Yet despite my thin veneer of cleanliness and my ability to make my house look just about presentable for an hour or so, just look closer and you’ll see that every single cupboard and drawer is bursting with stuff.  Stuff, stuff, stuff.  It’s Everywhere.   Today was the day that the creeping tide of The Stuff had to be stopped.

But before long I was huffing and puffing and wondering why I can’t be even slightly OCD?  I’ve got some friends who are REALLY REALLY OCD (RROCD). But not me.  I’m rubbish at this tidying and ordering lark. It’s bad enough coping with the never-ending laundry for a family of five, but opening the play room door seriously makes me lose the will to live.

Anyway, today I was under siege from the toppling tower of toddler debris whilst having an imaginary fantasy about calling the white van man and cheering him up by paying him a fortune to take everything to that skip, when a delightful email pinged up from my publishers.  A timely reminder that life isn’t all about cleaning and sorting out the domestic debris.

You see, publication time is approaching.  FORBIDDEN PLEASURES will be hitting the supermarkets and all good bookshops near you on 5th August.  Check out the new swanky cover above and tell your mates that their summer read is nearly here.

Thrillingly, there were some early reader previews from Chicklitreviews.com  – which I’ve posted into the reviews section of this blog.

It was just the motivational boost I needed.  I hoofed everything back into the playroom and rammed the cupboard shut, before scampering back to my  study.

So where was I…?

Ah yes.  That sultry night in Rio and the gorgeous  Argentinian stud with the mysterious brunette in a backless dress and stolen emerald necklace…

I felt better in an instant.   You see!  A little bit of escapism is just what a girl needs.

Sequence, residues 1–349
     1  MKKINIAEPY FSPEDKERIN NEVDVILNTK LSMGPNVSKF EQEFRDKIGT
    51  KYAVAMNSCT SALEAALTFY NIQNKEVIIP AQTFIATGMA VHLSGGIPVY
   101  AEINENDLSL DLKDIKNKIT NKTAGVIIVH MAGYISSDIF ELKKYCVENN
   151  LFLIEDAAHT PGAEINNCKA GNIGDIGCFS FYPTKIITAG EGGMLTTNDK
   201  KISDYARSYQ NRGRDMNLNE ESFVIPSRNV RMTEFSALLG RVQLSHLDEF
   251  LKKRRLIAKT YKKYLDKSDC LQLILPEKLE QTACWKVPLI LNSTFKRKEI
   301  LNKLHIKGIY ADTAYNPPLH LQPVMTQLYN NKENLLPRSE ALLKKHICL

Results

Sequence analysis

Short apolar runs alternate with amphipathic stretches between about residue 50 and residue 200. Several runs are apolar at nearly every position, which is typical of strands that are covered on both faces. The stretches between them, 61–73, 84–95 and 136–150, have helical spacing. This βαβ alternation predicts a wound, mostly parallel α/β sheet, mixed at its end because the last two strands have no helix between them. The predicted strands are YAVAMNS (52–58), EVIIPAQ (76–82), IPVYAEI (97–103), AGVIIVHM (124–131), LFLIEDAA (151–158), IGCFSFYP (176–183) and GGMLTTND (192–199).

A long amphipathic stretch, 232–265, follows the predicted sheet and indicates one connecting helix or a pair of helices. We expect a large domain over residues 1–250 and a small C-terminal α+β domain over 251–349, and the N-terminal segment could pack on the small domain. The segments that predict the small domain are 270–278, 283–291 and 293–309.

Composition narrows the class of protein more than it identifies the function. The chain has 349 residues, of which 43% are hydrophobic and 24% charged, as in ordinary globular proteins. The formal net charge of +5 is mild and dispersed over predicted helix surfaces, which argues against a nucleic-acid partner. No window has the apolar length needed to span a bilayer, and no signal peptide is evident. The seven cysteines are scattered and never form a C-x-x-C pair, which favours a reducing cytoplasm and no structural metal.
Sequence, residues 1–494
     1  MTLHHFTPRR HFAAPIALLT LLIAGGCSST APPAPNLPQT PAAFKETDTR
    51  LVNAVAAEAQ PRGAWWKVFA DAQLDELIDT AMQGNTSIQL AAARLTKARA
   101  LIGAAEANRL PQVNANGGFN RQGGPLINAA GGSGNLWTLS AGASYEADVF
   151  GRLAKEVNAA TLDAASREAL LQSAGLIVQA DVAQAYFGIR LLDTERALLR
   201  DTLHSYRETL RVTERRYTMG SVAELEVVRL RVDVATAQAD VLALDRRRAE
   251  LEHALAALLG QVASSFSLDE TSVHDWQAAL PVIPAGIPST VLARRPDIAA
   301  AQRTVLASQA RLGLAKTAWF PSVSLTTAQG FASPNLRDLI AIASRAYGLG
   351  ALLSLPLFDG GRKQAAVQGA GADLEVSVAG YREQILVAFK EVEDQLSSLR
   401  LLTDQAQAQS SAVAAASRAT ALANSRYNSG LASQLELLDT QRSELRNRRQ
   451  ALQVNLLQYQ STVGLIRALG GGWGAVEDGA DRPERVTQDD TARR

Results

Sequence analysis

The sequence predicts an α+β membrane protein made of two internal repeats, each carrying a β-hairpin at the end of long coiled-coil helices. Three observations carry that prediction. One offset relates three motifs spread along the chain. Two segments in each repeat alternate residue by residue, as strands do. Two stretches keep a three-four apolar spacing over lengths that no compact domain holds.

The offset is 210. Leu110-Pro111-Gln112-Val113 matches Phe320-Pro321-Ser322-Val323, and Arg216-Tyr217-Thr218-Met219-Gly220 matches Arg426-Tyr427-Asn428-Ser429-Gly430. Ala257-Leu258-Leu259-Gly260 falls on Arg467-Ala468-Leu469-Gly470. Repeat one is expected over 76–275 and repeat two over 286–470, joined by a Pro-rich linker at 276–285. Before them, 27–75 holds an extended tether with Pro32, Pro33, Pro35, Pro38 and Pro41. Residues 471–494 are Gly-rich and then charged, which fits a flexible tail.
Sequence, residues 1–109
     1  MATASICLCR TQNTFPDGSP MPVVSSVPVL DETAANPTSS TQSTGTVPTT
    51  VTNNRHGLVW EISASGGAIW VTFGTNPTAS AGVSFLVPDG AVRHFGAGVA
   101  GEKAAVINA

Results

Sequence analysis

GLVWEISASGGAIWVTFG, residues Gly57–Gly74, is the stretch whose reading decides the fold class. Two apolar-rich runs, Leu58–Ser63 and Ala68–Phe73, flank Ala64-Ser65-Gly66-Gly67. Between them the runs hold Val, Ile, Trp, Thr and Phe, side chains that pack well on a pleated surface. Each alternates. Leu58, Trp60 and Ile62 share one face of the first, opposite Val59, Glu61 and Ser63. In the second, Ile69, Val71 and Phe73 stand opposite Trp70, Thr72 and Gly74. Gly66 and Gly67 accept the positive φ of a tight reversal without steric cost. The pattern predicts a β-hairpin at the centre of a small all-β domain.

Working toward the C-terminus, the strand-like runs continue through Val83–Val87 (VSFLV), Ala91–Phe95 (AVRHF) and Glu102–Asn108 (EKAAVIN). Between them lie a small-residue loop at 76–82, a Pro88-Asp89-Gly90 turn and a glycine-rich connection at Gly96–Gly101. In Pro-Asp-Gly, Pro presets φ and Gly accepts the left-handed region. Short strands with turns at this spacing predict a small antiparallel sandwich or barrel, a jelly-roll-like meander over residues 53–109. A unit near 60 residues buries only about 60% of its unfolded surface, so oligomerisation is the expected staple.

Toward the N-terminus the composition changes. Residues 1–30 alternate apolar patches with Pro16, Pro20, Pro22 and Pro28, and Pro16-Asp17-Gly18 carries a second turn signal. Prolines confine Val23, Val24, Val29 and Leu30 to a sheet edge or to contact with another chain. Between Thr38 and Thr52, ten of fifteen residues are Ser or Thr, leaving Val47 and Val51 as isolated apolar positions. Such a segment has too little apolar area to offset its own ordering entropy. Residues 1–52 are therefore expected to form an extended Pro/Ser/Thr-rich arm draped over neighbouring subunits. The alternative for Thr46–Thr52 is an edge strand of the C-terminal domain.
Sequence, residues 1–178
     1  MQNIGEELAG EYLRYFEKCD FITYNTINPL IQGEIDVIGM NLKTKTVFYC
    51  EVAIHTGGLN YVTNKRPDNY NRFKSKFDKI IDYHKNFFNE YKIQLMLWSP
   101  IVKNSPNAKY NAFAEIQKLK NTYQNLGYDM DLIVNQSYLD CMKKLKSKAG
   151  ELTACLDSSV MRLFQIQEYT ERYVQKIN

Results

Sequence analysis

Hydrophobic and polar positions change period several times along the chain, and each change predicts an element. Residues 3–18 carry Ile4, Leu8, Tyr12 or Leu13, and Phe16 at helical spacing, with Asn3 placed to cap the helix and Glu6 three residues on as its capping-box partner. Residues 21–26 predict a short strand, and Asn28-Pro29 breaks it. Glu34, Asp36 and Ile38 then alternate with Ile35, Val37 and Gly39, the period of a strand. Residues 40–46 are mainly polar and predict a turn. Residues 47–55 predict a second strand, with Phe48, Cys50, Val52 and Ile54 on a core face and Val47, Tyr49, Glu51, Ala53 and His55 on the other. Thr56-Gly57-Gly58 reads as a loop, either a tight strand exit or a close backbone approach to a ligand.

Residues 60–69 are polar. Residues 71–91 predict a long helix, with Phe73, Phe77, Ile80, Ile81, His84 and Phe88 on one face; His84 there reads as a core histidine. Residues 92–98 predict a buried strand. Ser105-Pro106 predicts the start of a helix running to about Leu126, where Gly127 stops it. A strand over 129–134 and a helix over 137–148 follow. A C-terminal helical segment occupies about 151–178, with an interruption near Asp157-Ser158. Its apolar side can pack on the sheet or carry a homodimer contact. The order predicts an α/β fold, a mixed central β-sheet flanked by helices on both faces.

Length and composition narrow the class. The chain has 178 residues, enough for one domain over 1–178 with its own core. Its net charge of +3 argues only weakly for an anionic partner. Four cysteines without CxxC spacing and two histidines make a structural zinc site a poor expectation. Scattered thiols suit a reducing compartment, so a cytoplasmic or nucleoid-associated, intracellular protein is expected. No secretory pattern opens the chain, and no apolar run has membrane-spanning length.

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The children of writers

Today the super-shiny proof of my latest novel, Forbidden Pleasures turned up.   It’s not being published until August, but here it is, in print.  It’s a cause for much celebration over the breakfast table.

After we’ve all ‘oo-ed’ and ‘ahh-ed’ and taken turns to stroke it, we have a big session of ‘finish the sentence’.  It’s a tradition.

Emlyn reads, ‘Lois was in the senator’s arms…?’

‘When she heard the shot,’ I reply, not missing a beat.

It’s the big one’s turn.  ‘Does anything really matter, apart from this?  Apart from us?’ she reads.  ‘And then…?’

‘Easy!’ I say, munching my toast. ‘And then his lips were on hers in the moonlight.’

‘Well done, Mummy,’ says the little one, clapping her sticky hands together in the booster chair.

But the middle one has learnt to read too and she wants a turn.  She opens the book at a random page and reads slowly.

‘She leaned down and flicked her tongue over -’

‘Give me that!’ I yelp, lunging over the table to grab the book.  ‘Shouldn’t you be getting ready for school?’

Emlyn laughs, but I again I’m left worried about how this weird profession of ours will affect our kids in the long-term.

I like to think that they’re getting a totally normal childhood, but I supposed there are little ways in which our writing life infringes on our family life.  The kids fridge magnets that get commandeered to attach reviews in pride of place in the kitchen, the haphazard pile of foreign editions wedging open the playroom door, the tiny scraps of paper bearing sacred nocturnal jottings that must never be touched or moved – even if they happen to be on the back of homework.  The promised bed-time story that gets postponed because one of us has ‘book head’ and has retreated to speed type the section we’ve been puzzling over all day, which only surfaced when we were flipping the fish-fingers.

And then there’s the irrational superstition about the post. In our household, the post gets shuffled through and discarded, until we find ‘The Precious’.  These are envelopes containing an invoice statement from our agents.  When one of these arrives,  Emlyn rubs it in a Gollum-like way and makes eyes at me.  The invoice inside tells us how much we’ve been paid, but neither of us have a clue how much this may be.  It could be say, news of twelve pounds eighty-eight pence royalties from Latvia, or a big load payload from Holland, where our books have always been popular.

Back to this morning, and the little one says ‘are my words in there?’  It’s sweet that she’s remembered, although technically she only typed a space, in between ‘The’ and ‘End’ which belonged to her sisters. I remember now that hot summer night, when I hauled the girls out of bed to come and type ‘The End’.  Exhausted, wrung out, I wept as they typed.  ‘Promise me you don’t become writers,’ I wailed.  ‘Look what it’s done to your old mother.’  They looked disturbed and went back to bed, but I was too absorbed in post book-birth to worry.